‘The War of Art’ – Break Through the Blocks and Win Your Inner Creative Battles by Steven Pressfield is one of the best books to re-motivate you into creative great work and getting through creative blocks and slumps.
I love this book. It’s short. It’s simple. It’s split up into 1-3 page chapters/sections so you can easily open it up, grab some inspiration, and get back to work.
When I first read it, I left it on my desk for about a month, sitting there as a visual reminder to get back to work.
Now I’m here to share the insights I gained with you, so here are my top tips for designers, illustrators, letterers and artists. Lessons learned from reading ‘The War of Art’ by Steven Pressfield.
1) The things we least want to do are the most important.
‘Rule of Thumb: the more important a call or action is to our soul’s evolution, the more Resistance we will feel toward pursuing it.’ I loved this phrase. It immediately resonated with me as a perpetual procrastinator, I know, the most import things to do tend to be the things I least want to do, or find the most reasons to delay. The War of Art teaches us to use this resistance as a compass. Use it to guide us to our true calling. Follow the Resistance!
2) Right Here. Right Now.
‘Never forget: This very moment, we can change our lives. There never was a moment, and never will be, when we are without the power to alter our destiny.’ Doesn’t that just give you tingles? Make you itch and beam with excitement? The realisation that we, right now, at EVERY moment, have the power to change our lives. If we feel we work too hard, we can stop, if we want to pursue a new dream we can take the first step in making that a reality. Even if the step is only setting an alarm on our phone to remind us when we are free this evening, we have taken that step to make a change. I love that. The War of Art teaches us to grab our own destiny with action.
3) Ditch The Phone.
‘…we will never cure our restlessness by contributing our disposable income to the bottom line of Bullshit, Inc., but only by doing our work.’ We’ve all felt that empty, hollow, unsatisfied feeling after loosing an afternoon scrolling facebook, bing watching a terrible Netflix show, or buying our 6th pair of blue Denim jeans. The War of Art reminds us that the best way to feel satisfaction, is to create our art. Our reason for being. This reminds me a bit of the lessons from Paulo Coelho’s ‘The Alchemist’. So ditch your phone, turn off the internet, and make your beautiful art!
SIDENOTE – What the Tim Ferriss Podcast with Kevin Systrom can teach us about the War of Art
I’ve just been listening to a recent podcast episode of the Tim Ferriss Show with Instagram Co-founder and CEO Kevin Systrom when they suddenly started talking about ‘Follow Your Passion’. Then Kevin said something amazing. He said that it’s more ‘Love what you’re shooting for’. It’s about following your passion, yes, but there will be tough days, work is hard, reaching your goals WILL be hard. But it’s about loving where you are going. Loving what you’re shooting for.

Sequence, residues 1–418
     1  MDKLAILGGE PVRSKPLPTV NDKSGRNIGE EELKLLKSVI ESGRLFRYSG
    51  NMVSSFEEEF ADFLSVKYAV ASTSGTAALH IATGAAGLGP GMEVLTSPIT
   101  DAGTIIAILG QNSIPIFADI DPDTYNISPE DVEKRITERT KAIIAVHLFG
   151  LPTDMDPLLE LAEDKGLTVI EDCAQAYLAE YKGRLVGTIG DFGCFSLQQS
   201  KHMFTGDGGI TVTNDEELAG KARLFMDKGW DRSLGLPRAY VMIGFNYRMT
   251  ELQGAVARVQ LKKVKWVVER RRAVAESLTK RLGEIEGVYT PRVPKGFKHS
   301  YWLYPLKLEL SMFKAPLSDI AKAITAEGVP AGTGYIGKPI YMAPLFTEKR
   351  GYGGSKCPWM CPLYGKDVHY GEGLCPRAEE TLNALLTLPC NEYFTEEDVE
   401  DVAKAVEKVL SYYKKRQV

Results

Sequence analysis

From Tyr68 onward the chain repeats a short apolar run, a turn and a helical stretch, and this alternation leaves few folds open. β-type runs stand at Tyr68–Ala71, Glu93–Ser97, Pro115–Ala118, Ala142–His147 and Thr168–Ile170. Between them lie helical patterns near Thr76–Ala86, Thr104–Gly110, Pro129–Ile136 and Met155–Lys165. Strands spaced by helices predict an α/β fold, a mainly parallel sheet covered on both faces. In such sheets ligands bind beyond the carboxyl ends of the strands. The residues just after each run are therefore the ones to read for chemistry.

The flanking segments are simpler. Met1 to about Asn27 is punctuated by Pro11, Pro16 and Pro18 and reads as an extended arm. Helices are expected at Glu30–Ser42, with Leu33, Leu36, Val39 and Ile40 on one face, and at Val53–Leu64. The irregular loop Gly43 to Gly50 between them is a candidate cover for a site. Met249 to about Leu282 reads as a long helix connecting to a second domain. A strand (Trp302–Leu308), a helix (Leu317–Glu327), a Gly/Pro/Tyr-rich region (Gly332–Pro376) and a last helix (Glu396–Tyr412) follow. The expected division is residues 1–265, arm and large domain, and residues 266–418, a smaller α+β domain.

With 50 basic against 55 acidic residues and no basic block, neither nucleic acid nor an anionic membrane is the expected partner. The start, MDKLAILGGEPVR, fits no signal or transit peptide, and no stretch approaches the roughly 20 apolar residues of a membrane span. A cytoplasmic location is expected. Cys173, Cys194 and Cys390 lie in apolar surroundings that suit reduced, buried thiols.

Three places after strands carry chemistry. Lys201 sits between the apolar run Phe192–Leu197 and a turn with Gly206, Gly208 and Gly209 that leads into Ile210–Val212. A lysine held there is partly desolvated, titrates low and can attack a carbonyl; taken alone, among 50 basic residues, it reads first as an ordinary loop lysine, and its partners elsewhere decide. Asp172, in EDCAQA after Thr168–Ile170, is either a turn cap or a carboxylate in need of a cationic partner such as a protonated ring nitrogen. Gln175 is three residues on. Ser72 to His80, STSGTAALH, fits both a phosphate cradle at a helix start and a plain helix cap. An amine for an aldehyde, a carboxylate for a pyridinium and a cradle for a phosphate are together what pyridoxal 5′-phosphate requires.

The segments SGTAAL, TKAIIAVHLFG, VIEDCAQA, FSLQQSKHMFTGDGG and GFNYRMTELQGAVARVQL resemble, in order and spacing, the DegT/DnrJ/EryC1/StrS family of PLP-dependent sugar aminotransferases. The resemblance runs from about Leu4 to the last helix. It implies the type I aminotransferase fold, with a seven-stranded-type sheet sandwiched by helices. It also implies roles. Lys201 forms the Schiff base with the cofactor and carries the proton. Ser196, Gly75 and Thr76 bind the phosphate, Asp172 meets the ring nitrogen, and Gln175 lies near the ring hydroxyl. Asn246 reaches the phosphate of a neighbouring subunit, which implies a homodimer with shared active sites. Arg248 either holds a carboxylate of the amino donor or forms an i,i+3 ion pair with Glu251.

When I heard that, I had to add it into this article as it is a perfect summary of how to win the war of art. How to continue pursuing your goal when things get tough. I highly recommend listening to the full episode with Tim and Kevin, and I’ve embedded the video below for you.
4) Imposter Syndrome should be Reinforcing.
‘The counterfeit innovator is wildly self-confident. The real one is scared to death.’
Feeling like a fraud, or an imposter is so normal when working in the creative or entrepreneurial fields. It happens to all of us. What I love about this statement from Steven Pressfield is that it not only gives us permission to feel like an imposter, but he tells us that this feeling is what makes us legitimate. It is only when we allow ourselves to be vulnerable, we can pursue our real dreams. Be vulnerable and pursue your true passion. If you’re feeling unsure, you’re going the right direction.
5) Be A Professional.
‘The amateur plays for fun. The professional plays for keeps…The amateur plays part-time, the professional full-time’
It’s about dedication. If we truly want to achieve something, to get something done, to create something amazing, it can’t be a half hearted attempt. It can’t be part time. The professional dedicates all their time to the goal. All their time and all their energy. That is where success lies.
6) Be in Business, be You, Inc.
‘Making yourself a corporation (or just thinking of yourself in that way) reinforces the idea of professionalism because it separates the artist-doing-the-work from the will-and-consciousness-running-the-show’
This point ties in perfectly with the previous point. If you don’t take yourself seriously and treat yourself as a professional, nobody else will. For your sake, for you customers sake and to help your financials , you need to think of yourself and treat yourself like a business. I use Rounded accounts software, Toggl time tracking software and Adobe Creative Cloud. I spend money on being and looking professional because that’s what it takes to create professional work for top clients. Set yourself up as a business and you will set yourself up to stay in business.
7) Start Now.
“Whatever you can do, or dream you can, begin it. Boldness has genius, magic and power in it. Begin it now” – W.H. Murray, The Scottish Himalayan Expedition.
TStop staring at the blank page, the un-opened document, the unstated race. Put one foot infront of the other, write one word on the page, and make a start. Once you get the ball rolling it will pick up momentum and speed. We can’t finish without starting. The best time to start is now.